Photo Gallery and Blog 2006
OK, it's the dead of winter again and there is nothing much to photograph.
So I'll post something from last July.
This little flycatcher made a nest on a building in Rocky Mountain National Park.
After watching it for several hours, its behavior patterns became very clear.
It liked to perch on this one particular spindly little twig of a tree, out in the open.
This is great for photography--no overhanging leaves creating dark shadows and spotty light.
Even better was its great tolerance for me. After a while, I was as close as ten feet from this perch,
using my 400mm lens with extension tube on a tripod.
The bird didn't care. It sat there for minutes on end, perfectly contented.
A minute is an eternity for wildlife photography.
Occasionally it would suddenly dart out from its perch, expertly snag a passing fly in mid-air, and immediately return
to the perch. After all, that's what flycatchers do.
Red Fox Kit
The local foxes have been taking lessons in techniques to frustrate photographers.
The roadside den site was active again this year, beginning in late April.
However the foxes had made a new hole right underneath a shiny metal fence.
I made many trips to check on them, usually finding nothing.
A few times they were romping around right under the fence, sometimes even chewing on it.
This does not make for a "natural" photograph.
One lucky morning, this one kit was snoozing at the old den hole, closer to the road and far from the pesky fence.
Sometimes it would sit up a little and look around.
I took some photos with my longest lens, 800mm, through the open passenger window of my car.
Mostly it just lay there, half asleep.
Since the little fox seemed totally indifferent to me, I decided to try some closer shots.
This photo was taken with the 800mm lens plus a 1.4x converter plus a 50mm extension tube, and a prayer.
The prayer was necessary to ensure stability of such an awkwardly long system.
My fun was cut short when a pickup hauling a trailer of scrap metal came clanking down the road and scared the fox down into its hole, never to be seen again.
Mid to late June is the season for cavity-nesting birds.
This nuthatch was back in the same hole as many years before.
But finding a nuthatch is the easy part.
It doesn't smile and wait for photos to be taken.
Typically it will appear out of nowhere, land on the tree, then hop down
the tree to its nest hole in its characteristic head-down position and dive inside.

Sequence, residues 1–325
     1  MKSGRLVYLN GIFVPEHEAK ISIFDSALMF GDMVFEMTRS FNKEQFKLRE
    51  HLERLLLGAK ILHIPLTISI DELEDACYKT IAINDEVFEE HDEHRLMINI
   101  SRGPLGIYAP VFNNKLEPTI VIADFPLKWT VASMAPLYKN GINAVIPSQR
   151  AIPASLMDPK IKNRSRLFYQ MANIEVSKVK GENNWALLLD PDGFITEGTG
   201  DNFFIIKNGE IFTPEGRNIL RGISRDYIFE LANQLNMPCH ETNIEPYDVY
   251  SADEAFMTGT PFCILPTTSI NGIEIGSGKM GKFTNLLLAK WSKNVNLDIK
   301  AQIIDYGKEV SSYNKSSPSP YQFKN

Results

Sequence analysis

Somewhere amid all this action you have to take the photo.
You get a lot of blurry ones to throw away.
This year the mountain bluebirds seemed to be especially plentiful.
I found this nice bluebird nest this year.
Sometimes the adults would sit on this wax currant bush, a pleasant change from the typical bare branch.
Unfortunately for me, the birds also nested a week earlier than usual, perhaps due to the extremely warm weather.
So I only had one day to photograph this bird before the chicks fledged.
Here is the chick, moments before fledging.
This particular morning, I thought I was going to go take some bluebird photos until I spotted this wily fellow out in the meadow.
This stately coyote was calmly sitting there, enjoying the morning sunshine.
It looks like a big furry dog although I imagine it wouldn't seem so cute if you were a ground squirrel.
My plans for bluebirds were temporarily delayed while I took some photos of this obliging subject.
Wildlife photography is very much a case of being ready when opportunity knocks.
It's September which means football and beer, and the elk rut.
Of course the elk were back to their annual rutting activities in late September and October as always.
Unfortunately we didn't get any snow in September so the photos are a lot of brown.
This big fellow was very active in Horseshoe Park at the crack of dawn, bugling his brains out.
By sheer luck, I saw this nice mule deer buck.
All the deer in the park have been tagged because of the Chronic Wasting Disease program,
which makes them pretty useless for photography.
This guy happened to flip his ear around so his tag was obscured. Thanks, John. (John Deer, get it?)